Jesus is the Anti-Zombie and the Zombie Commandments

On Easter Sunday we celebrate the most famous case of the dead coming back to life.  You heard me right, celebrate.  I know many of you about to run away from your computer screens to grab your shotguns or katanas, but wait.  Hold up.

Have you ever had the fear that the living dead will come breaking through your door?  I’m talking about rotten decaying humans that hunger for your brains.

Many ancient societies held to the fear that the dead would come back to life and run rampant across the land.  Why else do we still bolt our coffins shut from the inside or why did the ancient Irish place a stone in the mouths of the dead.  Both are precautions against the dead returning to life; one locks the dead in a coffin and the other fills the mouth so that the dead is prevented from eating.

There are many other examples that prove that our world lives in fear of the death and  the dead.  Like the rules of cleanliness in ancient Israel, if a person touched a dead body there were considered unclean.  Maybe they were trying to prevent the spread of diseases or maybe they thought if someone interacted with the dead they would become a Zombie.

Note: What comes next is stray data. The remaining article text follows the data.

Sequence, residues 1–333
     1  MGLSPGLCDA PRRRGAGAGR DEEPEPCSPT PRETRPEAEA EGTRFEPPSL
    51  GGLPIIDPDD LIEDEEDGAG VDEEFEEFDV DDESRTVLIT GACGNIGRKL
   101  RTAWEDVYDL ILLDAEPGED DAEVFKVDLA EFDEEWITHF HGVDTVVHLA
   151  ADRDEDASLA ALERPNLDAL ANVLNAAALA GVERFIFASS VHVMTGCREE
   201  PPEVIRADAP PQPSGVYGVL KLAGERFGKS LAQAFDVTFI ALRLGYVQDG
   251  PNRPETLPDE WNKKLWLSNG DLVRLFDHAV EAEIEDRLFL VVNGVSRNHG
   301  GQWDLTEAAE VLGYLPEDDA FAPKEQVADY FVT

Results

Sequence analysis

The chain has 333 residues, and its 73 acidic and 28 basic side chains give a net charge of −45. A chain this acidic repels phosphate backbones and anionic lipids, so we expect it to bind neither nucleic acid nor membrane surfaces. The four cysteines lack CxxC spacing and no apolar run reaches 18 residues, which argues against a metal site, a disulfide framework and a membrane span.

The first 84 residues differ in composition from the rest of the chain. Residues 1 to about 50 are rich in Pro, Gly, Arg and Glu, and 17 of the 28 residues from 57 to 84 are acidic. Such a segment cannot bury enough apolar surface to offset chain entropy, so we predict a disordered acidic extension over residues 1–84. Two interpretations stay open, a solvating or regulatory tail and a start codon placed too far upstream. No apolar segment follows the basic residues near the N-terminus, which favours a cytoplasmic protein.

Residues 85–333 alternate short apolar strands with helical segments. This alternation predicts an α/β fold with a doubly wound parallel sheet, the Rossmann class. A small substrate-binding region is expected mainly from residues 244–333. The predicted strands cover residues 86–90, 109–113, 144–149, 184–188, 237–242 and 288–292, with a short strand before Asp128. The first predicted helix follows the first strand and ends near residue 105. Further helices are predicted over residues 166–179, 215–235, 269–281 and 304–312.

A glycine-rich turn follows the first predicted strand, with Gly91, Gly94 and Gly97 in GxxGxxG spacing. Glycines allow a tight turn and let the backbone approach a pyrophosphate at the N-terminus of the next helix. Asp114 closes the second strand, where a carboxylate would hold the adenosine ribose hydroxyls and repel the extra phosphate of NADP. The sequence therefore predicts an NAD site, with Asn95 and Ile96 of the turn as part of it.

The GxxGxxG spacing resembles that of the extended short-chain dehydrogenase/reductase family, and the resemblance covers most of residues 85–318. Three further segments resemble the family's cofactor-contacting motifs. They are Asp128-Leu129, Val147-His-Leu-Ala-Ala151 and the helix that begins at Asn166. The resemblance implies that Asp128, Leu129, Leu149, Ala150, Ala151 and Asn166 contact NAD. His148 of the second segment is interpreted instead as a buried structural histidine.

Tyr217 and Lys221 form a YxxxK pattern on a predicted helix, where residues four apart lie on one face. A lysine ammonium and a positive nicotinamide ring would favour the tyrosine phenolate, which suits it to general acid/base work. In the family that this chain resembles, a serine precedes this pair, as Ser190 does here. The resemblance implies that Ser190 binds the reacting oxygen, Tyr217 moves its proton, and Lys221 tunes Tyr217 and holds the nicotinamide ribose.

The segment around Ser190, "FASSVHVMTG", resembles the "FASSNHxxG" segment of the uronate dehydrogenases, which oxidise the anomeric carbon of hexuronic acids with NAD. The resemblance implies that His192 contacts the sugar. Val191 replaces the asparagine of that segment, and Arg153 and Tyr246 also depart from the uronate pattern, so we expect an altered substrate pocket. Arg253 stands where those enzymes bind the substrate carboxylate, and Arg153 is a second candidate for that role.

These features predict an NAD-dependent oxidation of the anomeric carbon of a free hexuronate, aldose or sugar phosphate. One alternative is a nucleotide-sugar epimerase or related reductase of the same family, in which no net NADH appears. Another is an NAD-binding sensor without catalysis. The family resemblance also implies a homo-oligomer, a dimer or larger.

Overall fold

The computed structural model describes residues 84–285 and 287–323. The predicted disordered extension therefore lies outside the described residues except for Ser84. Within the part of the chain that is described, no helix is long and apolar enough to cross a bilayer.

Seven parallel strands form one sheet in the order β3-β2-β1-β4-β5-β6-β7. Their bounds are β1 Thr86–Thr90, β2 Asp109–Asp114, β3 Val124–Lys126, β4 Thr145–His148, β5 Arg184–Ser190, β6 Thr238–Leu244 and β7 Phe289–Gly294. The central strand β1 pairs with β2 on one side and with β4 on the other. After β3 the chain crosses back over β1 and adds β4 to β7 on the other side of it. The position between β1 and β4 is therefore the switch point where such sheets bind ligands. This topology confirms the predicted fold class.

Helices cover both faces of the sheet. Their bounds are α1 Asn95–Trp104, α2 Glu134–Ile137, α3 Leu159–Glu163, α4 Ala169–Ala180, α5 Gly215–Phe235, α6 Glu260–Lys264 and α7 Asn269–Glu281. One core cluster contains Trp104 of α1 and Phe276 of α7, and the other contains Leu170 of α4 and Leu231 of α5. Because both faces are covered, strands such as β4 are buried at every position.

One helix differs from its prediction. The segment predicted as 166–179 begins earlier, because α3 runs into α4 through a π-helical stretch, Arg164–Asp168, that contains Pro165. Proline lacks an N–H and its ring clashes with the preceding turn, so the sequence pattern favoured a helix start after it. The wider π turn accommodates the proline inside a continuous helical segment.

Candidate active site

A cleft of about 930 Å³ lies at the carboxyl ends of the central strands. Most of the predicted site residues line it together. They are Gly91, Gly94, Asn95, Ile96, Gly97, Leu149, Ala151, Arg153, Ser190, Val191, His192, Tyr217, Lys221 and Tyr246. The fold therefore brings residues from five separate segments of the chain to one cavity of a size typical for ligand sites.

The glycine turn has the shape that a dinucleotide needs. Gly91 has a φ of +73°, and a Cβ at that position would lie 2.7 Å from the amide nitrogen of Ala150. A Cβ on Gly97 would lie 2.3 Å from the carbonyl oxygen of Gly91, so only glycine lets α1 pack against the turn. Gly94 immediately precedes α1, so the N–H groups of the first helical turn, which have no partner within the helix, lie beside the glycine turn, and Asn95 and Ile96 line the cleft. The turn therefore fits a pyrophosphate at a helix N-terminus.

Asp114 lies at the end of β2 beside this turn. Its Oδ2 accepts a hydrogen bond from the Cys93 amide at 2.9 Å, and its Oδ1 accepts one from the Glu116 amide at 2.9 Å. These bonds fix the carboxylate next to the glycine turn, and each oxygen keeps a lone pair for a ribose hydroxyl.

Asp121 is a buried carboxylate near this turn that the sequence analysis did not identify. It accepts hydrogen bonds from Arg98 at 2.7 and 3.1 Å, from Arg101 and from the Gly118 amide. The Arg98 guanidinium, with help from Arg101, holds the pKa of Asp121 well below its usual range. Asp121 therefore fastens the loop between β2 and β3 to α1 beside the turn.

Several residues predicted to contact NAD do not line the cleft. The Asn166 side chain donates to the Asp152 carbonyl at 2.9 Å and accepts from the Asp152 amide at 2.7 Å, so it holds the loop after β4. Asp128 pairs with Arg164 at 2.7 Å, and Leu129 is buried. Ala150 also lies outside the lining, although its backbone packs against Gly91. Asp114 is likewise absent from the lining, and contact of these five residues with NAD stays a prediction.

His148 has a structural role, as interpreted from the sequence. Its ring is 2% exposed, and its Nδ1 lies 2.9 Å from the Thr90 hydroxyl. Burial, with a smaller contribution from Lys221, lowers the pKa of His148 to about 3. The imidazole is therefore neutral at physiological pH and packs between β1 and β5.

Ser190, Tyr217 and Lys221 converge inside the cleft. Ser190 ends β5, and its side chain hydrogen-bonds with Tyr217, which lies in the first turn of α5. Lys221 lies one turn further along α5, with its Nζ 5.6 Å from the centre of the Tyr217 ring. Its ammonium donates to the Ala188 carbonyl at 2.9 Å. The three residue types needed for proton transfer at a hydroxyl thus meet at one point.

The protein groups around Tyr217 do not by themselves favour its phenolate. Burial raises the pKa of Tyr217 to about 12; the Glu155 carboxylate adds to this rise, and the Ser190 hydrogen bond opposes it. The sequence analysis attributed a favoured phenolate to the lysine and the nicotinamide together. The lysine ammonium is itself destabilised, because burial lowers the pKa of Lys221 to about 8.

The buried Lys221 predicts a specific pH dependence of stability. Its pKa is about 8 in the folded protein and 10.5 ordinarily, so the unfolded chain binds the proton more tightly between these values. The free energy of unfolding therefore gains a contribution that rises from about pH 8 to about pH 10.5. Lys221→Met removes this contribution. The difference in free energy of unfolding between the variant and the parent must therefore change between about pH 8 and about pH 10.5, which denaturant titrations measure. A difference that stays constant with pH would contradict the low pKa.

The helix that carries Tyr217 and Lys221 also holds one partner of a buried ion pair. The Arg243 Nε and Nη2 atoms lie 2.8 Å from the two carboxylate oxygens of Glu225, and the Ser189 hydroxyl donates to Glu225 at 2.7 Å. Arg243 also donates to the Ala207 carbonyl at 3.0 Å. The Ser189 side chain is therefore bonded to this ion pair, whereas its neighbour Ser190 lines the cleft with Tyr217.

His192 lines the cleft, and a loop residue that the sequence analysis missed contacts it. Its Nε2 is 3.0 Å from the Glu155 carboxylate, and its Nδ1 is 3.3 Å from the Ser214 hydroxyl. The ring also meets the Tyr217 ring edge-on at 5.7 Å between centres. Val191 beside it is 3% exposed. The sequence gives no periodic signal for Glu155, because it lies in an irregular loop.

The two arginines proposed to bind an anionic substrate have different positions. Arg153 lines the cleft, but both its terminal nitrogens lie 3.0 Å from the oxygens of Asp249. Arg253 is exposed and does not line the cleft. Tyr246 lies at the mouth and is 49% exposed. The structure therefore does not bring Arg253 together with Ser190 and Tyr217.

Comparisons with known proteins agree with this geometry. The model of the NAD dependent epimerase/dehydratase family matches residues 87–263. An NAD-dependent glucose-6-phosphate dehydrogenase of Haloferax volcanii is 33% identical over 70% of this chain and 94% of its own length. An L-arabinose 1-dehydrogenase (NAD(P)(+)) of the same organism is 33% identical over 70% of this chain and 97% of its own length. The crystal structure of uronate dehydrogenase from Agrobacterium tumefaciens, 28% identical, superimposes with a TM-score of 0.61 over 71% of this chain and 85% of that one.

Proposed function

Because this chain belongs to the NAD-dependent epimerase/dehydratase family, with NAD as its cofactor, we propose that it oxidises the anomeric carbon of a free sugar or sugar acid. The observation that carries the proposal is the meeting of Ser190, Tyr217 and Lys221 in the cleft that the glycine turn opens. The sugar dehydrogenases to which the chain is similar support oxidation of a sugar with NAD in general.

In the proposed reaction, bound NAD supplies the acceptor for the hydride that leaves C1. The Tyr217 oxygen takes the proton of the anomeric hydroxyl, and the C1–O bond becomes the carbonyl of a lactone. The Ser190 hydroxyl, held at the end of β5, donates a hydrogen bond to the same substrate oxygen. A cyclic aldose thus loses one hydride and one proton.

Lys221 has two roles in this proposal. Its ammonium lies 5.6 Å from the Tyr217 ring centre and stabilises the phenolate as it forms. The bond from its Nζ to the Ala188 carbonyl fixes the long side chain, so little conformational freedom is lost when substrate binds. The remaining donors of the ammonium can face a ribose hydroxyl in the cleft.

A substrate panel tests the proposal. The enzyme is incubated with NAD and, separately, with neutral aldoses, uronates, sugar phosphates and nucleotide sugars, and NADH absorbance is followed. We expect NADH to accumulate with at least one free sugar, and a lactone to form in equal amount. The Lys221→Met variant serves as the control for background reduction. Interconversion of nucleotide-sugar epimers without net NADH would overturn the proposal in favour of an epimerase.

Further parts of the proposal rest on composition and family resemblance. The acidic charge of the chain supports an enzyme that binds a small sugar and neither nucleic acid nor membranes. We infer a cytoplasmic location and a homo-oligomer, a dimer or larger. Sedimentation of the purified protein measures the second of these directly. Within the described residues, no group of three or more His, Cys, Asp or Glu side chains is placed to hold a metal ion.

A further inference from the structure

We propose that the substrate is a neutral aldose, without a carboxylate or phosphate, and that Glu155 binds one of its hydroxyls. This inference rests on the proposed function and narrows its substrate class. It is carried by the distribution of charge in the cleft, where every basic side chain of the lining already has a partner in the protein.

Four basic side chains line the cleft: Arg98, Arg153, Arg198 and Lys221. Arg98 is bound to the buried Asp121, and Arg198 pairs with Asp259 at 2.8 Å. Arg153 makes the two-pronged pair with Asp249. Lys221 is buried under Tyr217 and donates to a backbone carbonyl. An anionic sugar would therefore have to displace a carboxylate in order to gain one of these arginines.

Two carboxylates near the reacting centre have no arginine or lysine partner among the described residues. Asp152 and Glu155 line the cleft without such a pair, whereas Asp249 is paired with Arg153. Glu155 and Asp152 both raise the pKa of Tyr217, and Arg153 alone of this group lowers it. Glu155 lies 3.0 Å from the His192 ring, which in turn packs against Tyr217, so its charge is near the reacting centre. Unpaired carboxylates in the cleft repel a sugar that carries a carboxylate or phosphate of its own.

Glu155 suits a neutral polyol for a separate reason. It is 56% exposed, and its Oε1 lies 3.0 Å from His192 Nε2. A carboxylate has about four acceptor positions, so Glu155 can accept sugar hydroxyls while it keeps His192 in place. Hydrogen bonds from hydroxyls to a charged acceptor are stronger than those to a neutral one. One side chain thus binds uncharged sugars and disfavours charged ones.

The technical definition of a Zombie is any dead body given the semblance of life, but mute and will-less by a supernatural force, usually for some evil purpose like eating brains.  In Harry Potter they are called Inferi and are used by dark wizards to attack the living. Even magical people fear the living dead.  Any Zombie has no will of his or her own, save to consume brains and make more Zombies.

Real Zombies, whether you believe in them or not, exist to suck life and meaning from their prey.  Zombies live, well not really live, with an unquenchable desire to feed.  Much like the American consumer, Zombies are always wanting more and what they leave in their path is death and destruction.

A Zombie’s main desire (If a Zombie has the free will to have his or her own desire) is to turn normal people into Zombies and once you have been turned into a Zombie you are condemned to a living death.  Imagine working in Dilbert’s cubicle for the rest of your life, bent on just amassing more; a “life” doomed to utter meaningless.  Just imagine living your life and your only desire is to eat brains;  human brains at that.

And now to the upcoming celebration of the most famous case of resurrection.  That’s right, I’m talking about Easter Sunday!

That’s right, Jesus Christ came back from the dead and in two weeks we’ll celebrate his resurrection.